For many years there was a perception that the private international law rules applied by English courts allowed for so-called “libel tourism”, meaning the practice of opportunistic litigants (often with very limited connections to England and Wales) using English courts to bring defamation claims with much stronger connections to other jurisdictions. In enacting section 9 of the Defamation Act 2013 Parliament sought to address this concern by making it much harder for English courts to hear those kinds of claims.

Section 9 provides that:

  • The section applies to an action for defamation against a person who is not domiciled (a) in the United Kingdom; (b) in another Member State; or (c) in a state which is for the time being a contracting party to the Lugano Convention.
  • A court does not have jurisdiction to hear and determine an action to which the section applies unless the court is satisfied that, of all the places in which the statement complained of has been published, England and Wales is clearly the most appropriate place in which to bring an action in respect of the statement.

The section does not apply to any claims where jurisdiction has been taken under the Regulation or the Lugano Convention, as in those cases the defendant can be sued “as of right” – wherever the claimant is situated – under the rule in C-281/02 Owusu v Jackson [2005] QB 801.

Where section 9 applies it does not matter whether the claimant has served the claim form on the defendant in the jurisdiction (because the defendant is present in the jurisdiction) or out of the jurisdiction (having received permission to do so applying rules 6.36 and 6.37 of the Civil Procedure Rules).

The effect of section 9 is that where a claimant brings a defamation claim relating to a statement published online and read in England (by a relatively small number of people) and read in, say, the USA (by a much larger number of people), the English court will usually not have jurisdiction to hear any of the claim (including insofar as it relates to the publication in England). This overrides the orthodox position at common law (as re-affirmed by the House of Lords in Berezovsky v Michaels [2000] 1 WLR 1004), to the effect that each actionable publication of a defamatory statement constitutes a separate tort which must be considered separately when deciding if the English court has jurisdiction to hear a claim about it.

The Explanatory Notes to the Act state (at para 66) that:

 It is intended that (section 9) will overcome the problem of courts readily accepting jurisdiction simply because a claimant frames their claim so as to focus on damage which has occurred in this jurisdiction only. This would mean that, for example, if a statement was published 100,000 times in Australia and only 5,000 times in England that would be a good basis on which to conclude that the most appropriate jurisdiction in which to bring an action in respect of the statement was Australia rather than England. There will however be a range of factors which the court may wish to take into account including, for example, the amount of damage to the claimant’s reputation in this jurisdiction compared to elsewhere, the extent to which the publication was targeted at a readership in this jurisdiction compared to elsewhere, and whether there is reason to think that the claimant would not receive a fair hearing elsewhere.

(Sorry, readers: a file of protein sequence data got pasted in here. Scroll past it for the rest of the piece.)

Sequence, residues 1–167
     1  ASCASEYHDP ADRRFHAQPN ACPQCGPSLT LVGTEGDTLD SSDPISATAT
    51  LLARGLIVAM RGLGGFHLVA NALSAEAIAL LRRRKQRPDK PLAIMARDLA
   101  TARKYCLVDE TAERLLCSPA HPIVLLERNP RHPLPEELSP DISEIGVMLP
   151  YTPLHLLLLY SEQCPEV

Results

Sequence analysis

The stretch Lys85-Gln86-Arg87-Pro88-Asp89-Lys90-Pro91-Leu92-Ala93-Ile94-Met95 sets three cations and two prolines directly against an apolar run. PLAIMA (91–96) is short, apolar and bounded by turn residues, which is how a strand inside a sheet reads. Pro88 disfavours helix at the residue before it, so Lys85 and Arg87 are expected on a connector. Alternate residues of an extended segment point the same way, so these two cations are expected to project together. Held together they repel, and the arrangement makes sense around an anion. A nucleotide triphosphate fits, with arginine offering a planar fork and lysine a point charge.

This passage suggests that the analysis envisaged is very similar to a traditional “forum non conveniens” analysis, including the “stage 2” question of whether justice can be done abroad.

Section 9 was considered by Sir Michael Tugendhat in Ahuja v Politika Novine I Magazini D.O.O [2015] EWHC 3380 (QB). It was suggested that the claimant should produce the fullest reasonably available evidence as to publication in all places in which the words complained of have been published ([30]). This creates a heavy burden on claimants, who will presumably be expected to produce worldwide statistics on publication, not only of the particular article / statement in question, but of ones like it (in light of section 9(3)). The court also accepted that questions such as the convenience of witnesses and the relative expense of suing in different jurisdictions (which are relevant to the question of forum non conveniens) would be relevant in this context too ([70]).

 While the decision in Ahuja did not explicitly address the relationship between section 9 and the general forum non conveniens test, one difference seems to be that the burden of proof will now always be on the claimant (unlike where a defendant seeks a stay pleading forum non conveniens).

In conclusion, section 9 only narrows English courts’ jurisdiction over defamation claims relating to statements published online and viewed all over the world, when they are brought against non-EU domiciled defendants. While there has not been a great deal of case-law on the application of section 9 to date, the early signs are that courts will apply it strictly: see Ahuja and the very recent (brief and obiter) analysis of section 9 by Nicklin J in Huda v Wells and ors [2017] EWHC 2553 (QB) at [84]-[85].

Darryl Hutcheon is a member of Matrix Chambers and an author of Online Publication Claims: a Practical Guide. 

This is an edited extract from Chapter 4 of the book which will be published on 9 November 2017.